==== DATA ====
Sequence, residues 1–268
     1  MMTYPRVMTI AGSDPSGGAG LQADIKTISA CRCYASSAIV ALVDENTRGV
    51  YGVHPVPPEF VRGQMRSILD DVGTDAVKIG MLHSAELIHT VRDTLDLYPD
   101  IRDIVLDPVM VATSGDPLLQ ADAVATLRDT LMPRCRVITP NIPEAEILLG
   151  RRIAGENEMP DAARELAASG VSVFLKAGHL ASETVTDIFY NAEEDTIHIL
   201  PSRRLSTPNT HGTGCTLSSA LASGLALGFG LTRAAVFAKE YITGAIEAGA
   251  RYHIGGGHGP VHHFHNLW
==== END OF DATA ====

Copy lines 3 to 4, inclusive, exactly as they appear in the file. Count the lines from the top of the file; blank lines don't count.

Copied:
    51  YGVHPVPPEF VRGQMRSILD DVGTDAVKIG MLHSAELIHT VRDTLDLYPD
   101  IRDIVLDPVM VATSGDPLLQ ADAVATLRDT LMPRCRVITP NIPEAEILLG